Note: The Italian alphabet contains twenty-one letters: j, k, w, x and y are absent.
A is for Andiamo
Pronounced: [Ahn-D’YAH-Moe] Translation: Let’s go. Verb, plural. Italian.
Yet in the Molisan dialect I have spoken my whole life we say yammacheen. There is a great margin for error then, for confusion and class system to enter into casual conversations, trip up the tongue. I have this problem in two languages. Witness the time I pronounced acquiesce as aqua-size, making my roommate think a new class had been added to the schedule at the nearby YMCA. Or when I said trapezing but meant traipsing. “You can’t come trapezing through here whenever you feel like it,” I say, accusing my boyfriend of being a Barnum and Bailey’s acrobat, casually back-flipping and sailing through my apartment.
I have an intense connection to the expression “Let’s go,” an attachment to the idea of: leave this place, go elsewhere, come with me. I borrowed Eliot’s famous beginning from The Love Song of J. Alfred Prufrock—Let us go then, you and I, When the evening is spread out against the sky—to use as a caption under my high school grad photo, summing up my farewell thoughts in the yearbook’s allotted twenty-five words or less. No “Keep in touch!” No “THANKS to A.H, J.K. & G.T - YOU GUYS ROCK!!!” More a poetic invitation, let’s blow this popsicle stand.
B is for Bonefro
Pronounced: [Bone- NAY-fro] noun. A village in Southern Italy, region of Molise.
Bonefro is our beginning. According to my mother, this place gave birth to our fierce, proud, better-than-everybody-else’s bloodline.
We go back to the village for a summer the year I turn eleven. My mother’s health is deteriorating and she is convinced the climate of her youth will offer the best environment for convalescence. She wants to be close to her own mother.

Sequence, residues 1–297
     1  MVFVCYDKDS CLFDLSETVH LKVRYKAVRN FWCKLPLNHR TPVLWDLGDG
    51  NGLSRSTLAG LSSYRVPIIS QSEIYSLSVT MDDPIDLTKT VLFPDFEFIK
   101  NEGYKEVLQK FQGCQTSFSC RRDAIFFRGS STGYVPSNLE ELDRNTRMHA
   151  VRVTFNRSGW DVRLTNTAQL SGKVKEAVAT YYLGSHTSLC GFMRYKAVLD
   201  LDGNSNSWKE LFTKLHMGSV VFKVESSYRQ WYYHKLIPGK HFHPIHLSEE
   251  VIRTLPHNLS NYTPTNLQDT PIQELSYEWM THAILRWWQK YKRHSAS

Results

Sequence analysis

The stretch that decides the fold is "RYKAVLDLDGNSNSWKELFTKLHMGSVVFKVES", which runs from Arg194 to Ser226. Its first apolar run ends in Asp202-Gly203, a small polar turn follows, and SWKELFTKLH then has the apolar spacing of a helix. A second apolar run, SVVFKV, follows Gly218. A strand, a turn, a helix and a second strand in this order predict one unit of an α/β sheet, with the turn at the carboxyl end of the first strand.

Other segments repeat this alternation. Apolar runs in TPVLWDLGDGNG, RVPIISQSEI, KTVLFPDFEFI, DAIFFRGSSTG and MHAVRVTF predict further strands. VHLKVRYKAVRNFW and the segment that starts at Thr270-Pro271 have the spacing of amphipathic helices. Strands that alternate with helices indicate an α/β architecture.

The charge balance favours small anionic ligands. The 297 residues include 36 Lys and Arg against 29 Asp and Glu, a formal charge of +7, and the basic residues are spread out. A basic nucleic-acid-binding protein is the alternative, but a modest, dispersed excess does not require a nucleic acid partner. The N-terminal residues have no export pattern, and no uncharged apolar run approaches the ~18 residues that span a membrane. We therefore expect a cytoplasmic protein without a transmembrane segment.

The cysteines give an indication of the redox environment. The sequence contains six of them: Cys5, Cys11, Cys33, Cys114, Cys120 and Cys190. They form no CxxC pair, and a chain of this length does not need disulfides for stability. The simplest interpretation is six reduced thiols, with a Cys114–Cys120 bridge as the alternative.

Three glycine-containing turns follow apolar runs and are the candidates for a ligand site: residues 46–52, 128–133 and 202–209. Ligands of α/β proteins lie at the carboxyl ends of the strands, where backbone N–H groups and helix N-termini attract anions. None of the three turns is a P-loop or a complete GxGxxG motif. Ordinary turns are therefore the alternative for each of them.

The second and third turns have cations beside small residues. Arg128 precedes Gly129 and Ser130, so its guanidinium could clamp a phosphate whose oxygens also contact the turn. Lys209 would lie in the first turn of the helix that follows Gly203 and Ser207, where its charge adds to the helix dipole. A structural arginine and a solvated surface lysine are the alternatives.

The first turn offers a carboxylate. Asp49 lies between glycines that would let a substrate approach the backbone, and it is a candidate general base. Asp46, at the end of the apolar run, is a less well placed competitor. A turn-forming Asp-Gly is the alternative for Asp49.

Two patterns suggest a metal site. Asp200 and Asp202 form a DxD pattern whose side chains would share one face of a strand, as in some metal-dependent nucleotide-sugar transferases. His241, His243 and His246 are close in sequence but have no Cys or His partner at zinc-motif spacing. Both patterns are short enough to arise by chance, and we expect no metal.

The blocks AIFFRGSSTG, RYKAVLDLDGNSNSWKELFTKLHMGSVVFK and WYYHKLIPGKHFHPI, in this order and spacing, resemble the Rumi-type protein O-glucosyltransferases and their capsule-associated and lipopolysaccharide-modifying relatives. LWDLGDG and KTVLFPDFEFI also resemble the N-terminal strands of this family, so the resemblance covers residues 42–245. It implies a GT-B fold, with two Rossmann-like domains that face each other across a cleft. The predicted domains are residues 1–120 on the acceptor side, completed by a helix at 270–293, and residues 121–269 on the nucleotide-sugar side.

Bonefro is tiny, chiseled out of the hillside, with buildings covered in cool rock tile that offer some relief from the unforgiving Mediterranean sun.
My Italian cousins find me curious. They find it difficult to follow the conversation as my parents and I flip between Italian dialect and mangled English in the same breath. Our speech is fragmented and sentences are splintered over forgotten words or incorrect translations. No one notices the problem until I ask Luisa to accompany me:
“Lu, yammacheen u – Papa, come si dice store in Italian?”
My father doesn’t hesitate to reply, “Store è…is store.”
Luisa frowns. Store is clearly not how one says store in Italian.
“Wait minute…u sach è…I know is…” My father is annoyed, frustrated that he cannot remember. He stares at the hand he has just been dealt in the card game Scopa and asks my mother to assist. She doesn’t know, doesn’t care. The word is gone, replaced. It’s not even on the tip of their tongues.
My grandfather wins the round while my dad is distracted. Nonno shakes his head at the floor and again curses Columbus for discovering America.